Freedom for Animals and other advocates working to oppose the keeping of captive animals in zoos have long argued that these institutions not only fail to educate children about the natural world but, in fact, have a negative educational impact.
A paper published in the academic journal Conservation Biology appears to have confirmed this view. It was found that of over 2,800 children surveyed following visits to London Zoo, the majority demonstrated no positive learning outcomes at all. Indeed, many children showed not just a lack of learning, but negative learning outcomes.
The study considered learning outcomes for pupils who were part of either visits guided by a member of educational staff from the zoo or unguided visits. Only 38% of children were able to demonstrate positive learning outcomes, said the paper’s author. In comparison, 62% showed no change in learning or, worse, experienced negative learning during their trip to the zoo.
There’s nothing inspiring about zoos
In addition, despite zoos claiming that they inspire children to become proactive conservationists, it was concluded that the zoo’s impact on children’s belief in their ability to actively do something about conservation was “weak.” The author went on to say that his findings suggested that pupils did not feel empowered by their zoo experience to believe that they could take “effective ameliorative [impactful]action” on matters relating to conservation.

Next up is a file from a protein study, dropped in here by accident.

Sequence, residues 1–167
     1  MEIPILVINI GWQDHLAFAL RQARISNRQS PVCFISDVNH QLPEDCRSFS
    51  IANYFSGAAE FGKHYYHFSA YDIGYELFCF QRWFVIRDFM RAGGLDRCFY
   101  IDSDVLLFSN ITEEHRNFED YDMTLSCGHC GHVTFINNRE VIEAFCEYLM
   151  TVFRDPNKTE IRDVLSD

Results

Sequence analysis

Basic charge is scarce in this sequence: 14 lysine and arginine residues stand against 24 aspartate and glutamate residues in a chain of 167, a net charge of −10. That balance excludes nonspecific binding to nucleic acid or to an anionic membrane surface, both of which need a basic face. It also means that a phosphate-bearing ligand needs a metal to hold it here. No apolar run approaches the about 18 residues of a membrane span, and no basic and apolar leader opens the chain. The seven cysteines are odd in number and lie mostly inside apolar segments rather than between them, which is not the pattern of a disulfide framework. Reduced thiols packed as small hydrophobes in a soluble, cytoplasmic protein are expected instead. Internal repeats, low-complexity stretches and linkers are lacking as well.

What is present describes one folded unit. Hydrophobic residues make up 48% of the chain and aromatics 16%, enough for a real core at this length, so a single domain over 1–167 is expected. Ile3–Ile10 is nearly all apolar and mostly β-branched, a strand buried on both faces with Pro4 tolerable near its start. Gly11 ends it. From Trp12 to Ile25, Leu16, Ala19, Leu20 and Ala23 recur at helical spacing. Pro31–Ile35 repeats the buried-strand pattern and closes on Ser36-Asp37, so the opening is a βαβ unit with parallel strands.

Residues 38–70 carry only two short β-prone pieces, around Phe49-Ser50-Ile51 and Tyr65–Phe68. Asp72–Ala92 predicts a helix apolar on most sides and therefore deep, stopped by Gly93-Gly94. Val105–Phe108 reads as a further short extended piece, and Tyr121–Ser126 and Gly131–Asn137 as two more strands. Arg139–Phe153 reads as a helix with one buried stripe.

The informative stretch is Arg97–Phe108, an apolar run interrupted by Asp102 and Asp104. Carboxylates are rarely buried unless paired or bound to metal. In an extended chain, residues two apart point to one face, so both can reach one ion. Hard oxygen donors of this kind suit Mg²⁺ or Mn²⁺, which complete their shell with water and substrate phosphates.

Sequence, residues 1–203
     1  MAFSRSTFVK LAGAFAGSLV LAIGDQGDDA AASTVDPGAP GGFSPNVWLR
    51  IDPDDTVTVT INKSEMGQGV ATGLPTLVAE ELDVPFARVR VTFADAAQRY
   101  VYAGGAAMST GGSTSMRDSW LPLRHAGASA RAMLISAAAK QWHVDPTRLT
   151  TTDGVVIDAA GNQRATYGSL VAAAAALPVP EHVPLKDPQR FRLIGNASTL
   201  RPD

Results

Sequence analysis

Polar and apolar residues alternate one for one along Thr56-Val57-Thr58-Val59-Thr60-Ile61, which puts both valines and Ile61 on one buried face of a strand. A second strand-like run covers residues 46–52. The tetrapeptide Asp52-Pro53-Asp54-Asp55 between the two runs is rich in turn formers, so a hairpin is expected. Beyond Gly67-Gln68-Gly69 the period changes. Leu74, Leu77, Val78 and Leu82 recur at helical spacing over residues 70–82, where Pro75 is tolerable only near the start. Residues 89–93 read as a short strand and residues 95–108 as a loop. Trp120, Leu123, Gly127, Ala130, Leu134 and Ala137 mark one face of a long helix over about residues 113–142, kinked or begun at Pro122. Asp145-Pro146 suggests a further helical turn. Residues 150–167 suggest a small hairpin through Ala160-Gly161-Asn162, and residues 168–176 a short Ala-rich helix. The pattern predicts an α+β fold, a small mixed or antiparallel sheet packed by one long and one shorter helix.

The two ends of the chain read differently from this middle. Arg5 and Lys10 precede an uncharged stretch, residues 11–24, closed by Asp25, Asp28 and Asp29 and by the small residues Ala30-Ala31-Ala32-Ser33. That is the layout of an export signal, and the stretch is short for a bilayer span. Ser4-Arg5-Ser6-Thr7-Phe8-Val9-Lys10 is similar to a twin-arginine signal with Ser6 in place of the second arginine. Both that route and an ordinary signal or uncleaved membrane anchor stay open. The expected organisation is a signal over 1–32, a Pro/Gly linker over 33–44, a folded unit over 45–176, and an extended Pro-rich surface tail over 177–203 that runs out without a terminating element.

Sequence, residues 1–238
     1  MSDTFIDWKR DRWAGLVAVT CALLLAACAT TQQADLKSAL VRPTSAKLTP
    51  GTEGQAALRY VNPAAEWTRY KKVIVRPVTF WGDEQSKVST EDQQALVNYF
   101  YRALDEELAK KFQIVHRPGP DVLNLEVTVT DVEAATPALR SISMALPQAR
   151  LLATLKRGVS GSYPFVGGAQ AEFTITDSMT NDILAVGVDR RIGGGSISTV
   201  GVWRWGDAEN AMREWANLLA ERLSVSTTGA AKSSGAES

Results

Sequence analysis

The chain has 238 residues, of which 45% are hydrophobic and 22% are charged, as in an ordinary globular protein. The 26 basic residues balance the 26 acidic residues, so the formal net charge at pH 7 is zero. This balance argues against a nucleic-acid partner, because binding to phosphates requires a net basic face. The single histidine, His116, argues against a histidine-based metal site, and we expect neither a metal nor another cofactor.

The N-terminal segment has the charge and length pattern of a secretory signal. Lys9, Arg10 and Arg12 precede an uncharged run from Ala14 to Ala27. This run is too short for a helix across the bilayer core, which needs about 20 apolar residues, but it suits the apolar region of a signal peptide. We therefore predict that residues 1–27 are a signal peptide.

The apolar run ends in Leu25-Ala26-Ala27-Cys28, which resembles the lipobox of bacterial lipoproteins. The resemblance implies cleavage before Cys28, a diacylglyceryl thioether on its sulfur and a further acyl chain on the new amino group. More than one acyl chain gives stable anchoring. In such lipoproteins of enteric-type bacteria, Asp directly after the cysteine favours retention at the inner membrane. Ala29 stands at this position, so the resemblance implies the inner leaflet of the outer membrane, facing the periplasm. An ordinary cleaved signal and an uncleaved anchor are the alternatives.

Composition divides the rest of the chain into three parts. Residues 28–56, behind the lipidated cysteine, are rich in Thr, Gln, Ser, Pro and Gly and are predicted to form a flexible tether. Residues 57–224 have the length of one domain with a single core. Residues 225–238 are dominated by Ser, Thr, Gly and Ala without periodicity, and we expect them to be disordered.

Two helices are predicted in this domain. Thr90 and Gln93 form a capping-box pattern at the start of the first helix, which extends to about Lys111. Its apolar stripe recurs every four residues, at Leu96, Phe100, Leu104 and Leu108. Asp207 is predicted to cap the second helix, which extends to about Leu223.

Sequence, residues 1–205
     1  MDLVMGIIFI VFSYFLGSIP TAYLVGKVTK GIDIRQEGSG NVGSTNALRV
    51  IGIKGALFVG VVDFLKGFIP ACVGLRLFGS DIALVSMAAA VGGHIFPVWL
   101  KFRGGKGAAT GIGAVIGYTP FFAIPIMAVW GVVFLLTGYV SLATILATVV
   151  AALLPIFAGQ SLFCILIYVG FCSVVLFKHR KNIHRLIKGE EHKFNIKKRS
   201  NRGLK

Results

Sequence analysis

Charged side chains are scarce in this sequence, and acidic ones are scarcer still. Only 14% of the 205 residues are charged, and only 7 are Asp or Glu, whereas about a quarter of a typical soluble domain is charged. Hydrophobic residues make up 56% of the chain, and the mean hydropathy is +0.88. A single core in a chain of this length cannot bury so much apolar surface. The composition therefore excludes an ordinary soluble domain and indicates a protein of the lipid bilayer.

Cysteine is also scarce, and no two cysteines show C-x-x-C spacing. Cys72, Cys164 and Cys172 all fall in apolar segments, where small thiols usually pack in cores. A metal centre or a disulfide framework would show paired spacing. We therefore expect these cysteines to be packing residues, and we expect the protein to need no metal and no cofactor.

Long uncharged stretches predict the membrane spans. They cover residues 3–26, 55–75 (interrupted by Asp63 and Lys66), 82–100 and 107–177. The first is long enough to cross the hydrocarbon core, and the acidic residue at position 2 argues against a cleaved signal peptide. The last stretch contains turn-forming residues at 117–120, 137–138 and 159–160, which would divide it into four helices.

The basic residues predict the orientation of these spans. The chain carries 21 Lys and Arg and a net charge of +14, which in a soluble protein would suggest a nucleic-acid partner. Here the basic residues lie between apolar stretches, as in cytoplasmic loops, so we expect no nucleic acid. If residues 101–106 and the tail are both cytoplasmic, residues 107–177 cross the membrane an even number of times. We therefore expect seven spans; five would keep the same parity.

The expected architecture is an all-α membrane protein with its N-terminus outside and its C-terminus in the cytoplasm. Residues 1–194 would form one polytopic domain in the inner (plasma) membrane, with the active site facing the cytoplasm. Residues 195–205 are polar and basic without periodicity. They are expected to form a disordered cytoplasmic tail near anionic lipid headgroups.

In contrast to these findings, London Zoo claims on its website that it offers “the perfect education choice” and boasts “a diverse and highly skilled Education Team, provid[ing]unique learning sessions for all ages and abilities.”
A 2010 United Kingdom government-commissioned report raised concerns that, despite zoos promoting education programs, there was little evidence of educational impact by the industry.
Former Freedom for Animals Director, Liz Tyson said, “It is hardly surprising to learn that most children visiting zoos are neither empowered nor educated by the experience of seeing captive wild animals so far removed from their natural habitats. Zoos present an entirely false view of both the animals themselves, and the real and very urgent issues facing many species in their natural homes. This research appears to confirm what we have said for many years. Zoos do not educate nor do they empower or inspire children to become conservationists.”
Ms. Tyson added, “We know that zoos will not stop making loaded and misleading claims about their educational benefits, so we are calling upon schools and parents to consider the findings of this research and make up their own minds. There are many ways to learn about the natural world without holding animals captive for their entire lives in order to do so. We would like to encourage schools and parents everywhere to look to more compassionate, inspiring and educative activities for their children.”
Featured image: a child looks into a gorilla enclosure at a zoo in Europe. Image credit Jo-Anne McArthur / The Ghosts in Our Machine.